Team Sky's Salvatore Puccio takes a wrong turn in Vejer de la Frontera and goes missing for 40 minutes

Team Sky‘s Salvatore Puccio failed to turn up at the squad’s bus after stage four of the Vuelta a España on Tuesday after getting ‘lost’ in the hilltop village of Vejer de la Frontera.

Sky leader Chris Froome safely arrived at the Team Sky bus, as did Nicolas Roche after nearly winning the stage, but Puccio failed to show up.

Roche, who placed fourth on the stage, had already warmed down on the rollers in the shade of the bus, showered and changed into clean clothes when Puccio did finally make contact with his Sky team mates.

>>> Five talking points from stage four of the Vuelta a España

Sports director Gabriel Rasch tried to call Puccio on the team’s two-way radios by climbing up some stairs to the next street, but no reply. The mechanic stood at the corner 300 metres after the line while other buses drove away, but he did not spot Puccio. Sky’s black bus was packed and ready to go, but waited with the motor running for Puccio.

“We don’t know where he is,” said a team helper. “The finish is mess with riders circling around for their buses.”

“It’s happened to me before,” Rasch, a former professional, added. He returned to his telephone, trying to find information on Puccio.

Puccio, with about 20 others, mistakenly rode down the finishing hill where some buses – but not Sky’s – waited for their riders. He sat there waiting and passed time with most of the Cannondale-Garmin riders, who were in the same situation.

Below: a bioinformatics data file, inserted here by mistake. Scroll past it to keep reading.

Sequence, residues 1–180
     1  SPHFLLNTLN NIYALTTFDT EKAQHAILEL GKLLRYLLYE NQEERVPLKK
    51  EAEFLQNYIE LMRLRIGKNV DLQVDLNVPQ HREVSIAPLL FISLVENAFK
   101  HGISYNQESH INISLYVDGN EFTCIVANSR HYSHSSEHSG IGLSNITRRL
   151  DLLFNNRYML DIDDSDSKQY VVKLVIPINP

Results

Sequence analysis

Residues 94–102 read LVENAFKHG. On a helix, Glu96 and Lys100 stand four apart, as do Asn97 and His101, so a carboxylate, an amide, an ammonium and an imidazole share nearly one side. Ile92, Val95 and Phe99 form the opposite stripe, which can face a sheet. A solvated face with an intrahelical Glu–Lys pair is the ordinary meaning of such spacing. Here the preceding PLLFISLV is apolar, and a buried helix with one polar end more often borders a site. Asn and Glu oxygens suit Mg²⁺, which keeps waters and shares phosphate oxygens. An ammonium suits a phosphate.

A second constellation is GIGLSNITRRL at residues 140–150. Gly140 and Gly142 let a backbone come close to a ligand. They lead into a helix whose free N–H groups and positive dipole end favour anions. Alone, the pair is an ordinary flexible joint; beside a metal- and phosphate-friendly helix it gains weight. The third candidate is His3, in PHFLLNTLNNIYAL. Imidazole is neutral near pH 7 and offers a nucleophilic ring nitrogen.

“I wasn’t lost,” Puccio told Cycling Weekly after dinner last night.

“The police sent most of us down the hill after the climb. My radio was out of reach, and we didn’t know what to do. I really didn’t want to turn around, do the climb again after 210 kilometres. I didn’t want to add another one to the Vuelta a España that will have its share of climbing!”

Salvatore Puccio on stage four of the 2015 Tour of Spain

Salvatore Puccio on stage four of the 2015 Tour of Spain

Puccio waited with Cannondale and some riders from IAM Cycling and Etixx, and tried to contact Sky via some of the other team helpers waiting at the buses at the base of the climb. About 30 to 40 minutes passed before he was found.

“Some of the other teams contacted Sky for me. In the end, I had to jump in with some in of the team mechanics. The bus ended up getting stuck in traffic so I returned first to the hotel for a massage!”

Puccio is always reachable in the peloton, he is often pulling along on the flats for Froome. Today, he will be called into service as the race races towards Seville to finish in Alcalá de Guadaíra.

  • Adam Beevers

    How about using one of those GPS locators that are made for small children so their parents know where they are?

  • J1

    They need satellite phones. Bet it was a bit worrying considering everyone knows the usual drill post race, I doubt they thought he was chilling with a pint at a bar somewhere.

  • cahern1968

    Maybe they should get tattoos that read ” If found please call 555 555 or affix postage stamp and return to. ……….”

  • RobTM

    Mountains and cell phones often don’t mix well. In Mallorca, after crash chaos, I guided some lost riders who’d abandonded (actually found out we were chasing one guy who hadn’t), until team help caught up (was fun on still closed roads). The riders can be very disorientated and language barriers, make it hard to explain to them where they are and avoid wrong turns.

  • TrevorHoldsworth

    Here’s an idea – write the cellphone number of the bus driver (or team staff member) on the inside of everybody’s helmets. Or stitch a label inside their jerseys. All they do is borrow a cellphone and call. Give me a free KASK helmet for the idea! 🙂